[C]ensorship is a precondition of the greatest art, at least if history is anything to go by. I mean a negative censorship, in which there are things that you can’t say, rather than a positive censorship, in which there are things that you must say: The latter is deadly. Preferably also the censorship should be light-handed, capricious, and unpredictable: The perfect recipe for the production of art (though, as every cook knows, some recipes go wrong even when you stick to them) is absolute monarchy with incompetent censorship and religious belief.
He’s quick to say he wouldn’t actually advocate censorship today. Read it here.
Dalrymple appears in the new Claremont Review of Books reviewing Hillbilly Elegy and also White Trash by Nancy Isenberg. This is notable because the former was certainly the book of the year in the US, and its narrative is largely an American version of Dalrymple’s tales of moral ignorance and dysfunction in the English underclass. Thus the review offers him the opportunity to apply the same analysis to a segment of American culture that he famously applied to an English one, and he does:
The world in which [Hillbilly Elegy author J.D.] Vance grew up was one in which the avoidance of shame played the part of morality, which meant that relations between people were largely those of tribal loyalty and power. Consequently, restraint and common decency were taken as signs of weakness. He could easily have been sucked wholly into this gang-like society, and if he had been, his intelligence would have made him a dangerous man, with quite likely a life sentence in front of him. The devil makes work for idle intelligence to do.
I highly recommend not only the review, but Hillbilly Elegy itself as a poignant depiction of a culture that your Skeptical bloggers understand very well from personal experience.
France has its fair share of problems, certainly: ghettoes filled with unassimilated immigrants, a declining educational system, hideous modern architecture and more. But Dalrymple says that, all in all, its advantages over Britain are decisive. One example:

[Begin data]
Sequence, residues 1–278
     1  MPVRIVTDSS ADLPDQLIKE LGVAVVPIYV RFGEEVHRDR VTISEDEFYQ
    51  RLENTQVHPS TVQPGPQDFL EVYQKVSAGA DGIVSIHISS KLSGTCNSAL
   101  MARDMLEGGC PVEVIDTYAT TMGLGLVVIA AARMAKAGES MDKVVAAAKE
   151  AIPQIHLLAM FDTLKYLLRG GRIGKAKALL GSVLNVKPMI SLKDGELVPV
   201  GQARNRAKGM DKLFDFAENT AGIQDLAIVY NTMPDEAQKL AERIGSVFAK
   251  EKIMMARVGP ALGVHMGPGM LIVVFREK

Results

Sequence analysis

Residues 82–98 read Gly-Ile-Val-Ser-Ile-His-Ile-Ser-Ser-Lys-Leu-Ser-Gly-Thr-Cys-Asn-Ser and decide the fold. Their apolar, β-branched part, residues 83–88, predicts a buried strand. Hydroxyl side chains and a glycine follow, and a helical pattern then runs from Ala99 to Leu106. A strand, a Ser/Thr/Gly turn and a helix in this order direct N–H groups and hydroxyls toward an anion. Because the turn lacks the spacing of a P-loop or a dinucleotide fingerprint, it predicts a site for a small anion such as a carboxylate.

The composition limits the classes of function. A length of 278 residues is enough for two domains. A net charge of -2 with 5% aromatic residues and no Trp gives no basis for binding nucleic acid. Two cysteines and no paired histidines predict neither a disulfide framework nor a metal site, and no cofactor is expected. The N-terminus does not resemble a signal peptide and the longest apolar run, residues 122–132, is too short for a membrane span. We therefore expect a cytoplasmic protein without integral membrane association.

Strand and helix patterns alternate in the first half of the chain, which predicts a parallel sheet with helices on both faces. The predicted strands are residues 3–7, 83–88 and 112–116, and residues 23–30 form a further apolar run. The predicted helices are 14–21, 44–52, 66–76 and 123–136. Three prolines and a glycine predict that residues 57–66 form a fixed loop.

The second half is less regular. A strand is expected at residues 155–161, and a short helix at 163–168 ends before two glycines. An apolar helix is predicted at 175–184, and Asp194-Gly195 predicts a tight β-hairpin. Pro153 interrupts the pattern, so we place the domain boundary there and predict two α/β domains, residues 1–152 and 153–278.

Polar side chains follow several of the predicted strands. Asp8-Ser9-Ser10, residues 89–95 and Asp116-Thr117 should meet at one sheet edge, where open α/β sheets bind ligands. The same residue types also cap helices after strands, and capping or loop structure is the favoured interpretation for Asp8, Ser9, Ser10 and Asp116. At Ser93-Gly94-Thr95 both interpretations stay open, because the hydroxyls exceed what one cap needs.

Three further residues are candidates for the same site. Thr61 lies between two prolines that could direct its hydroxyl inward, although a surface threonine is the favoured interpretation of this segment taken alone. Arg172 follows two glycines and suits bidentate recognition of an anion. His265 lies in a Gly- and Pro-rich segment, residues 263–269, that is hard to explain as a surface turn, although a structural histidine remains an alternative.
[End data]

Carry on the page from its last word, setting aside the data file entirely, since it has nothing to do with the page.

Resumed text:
The attention to detail in shops is another painful contrast with Britain (for a Briton, that is). A florist in France gives the impression of being a specialist in flowers, not of someone who sells flowers faute de mieux or merely as a sideline. He or she wraps the blooms with an aesthetic consideration for the flowers themselves, with matching coloured tissue, for example. This raises the price, no doubt, but also the quality; and this constant concentration on detail raises the level of the florist’s, or his employee’s, practical intelligence. This is also true of the sale of fruit, fish, meat, cheese, bread, pâtisserie, etc. And all this adds to the enjoyment of life, though like any virtue it can go too far and become mere pettiness.
Dalrymple at The Spectator
The Guardian recently complained that refugees into Britain are disproportionately placed in the poorest areas. Perish the thought! (says Dalrymple):
…it is true that there are fewer jobs in poorer areas than in rich, but refugees are not allowed to take jobs in any case. And it seems to have escaped the Guardian’s notice that rent tends to be cheaper in poorer areas than in rich. Under the present rules, therefore, it would be outrageous for them to be located anywhere else but the poorest areas.
But Dalrymple can imagine another reason that so many are placed in Rotherham: the architecture is so hideous that perhaps it will encourage them to return home.
The slobbish attire of Mark Zuckerberg is a great annoyance, says Dalrymple, and indicates a worldview that easily extends to other aspects of life:
As there is slobbery in clothes, so there is slobbery in manners, which often masquerades as informality. My slight acquaintance, Alexander McCall Smith, created the delightful character of Mma Ramotswe, the only lady detective in Botswana, whose attractiveness for audiences of many millions around the world is surely connected to the ceremoniousness of the African life portrayed in the books in which she appears, a ceremoniousness that has been lost almost everywhere.
That ceremoniousness is sometimes thought to be not only a waste of time (and time is money) but, far worse from the intellectuals’ point of view, to be inauthentic as well, insofar as it involves forms of words that do not express real individual thoughts or feelings. And the authentic person is under the obligation to be always sincere. If I don’t actually care a jot how you are, I shouldn’t ask you; and if I do ask you, it should be because I really want to know how your varicose veins are getting on.
Dalrymple at Taki’s Magazine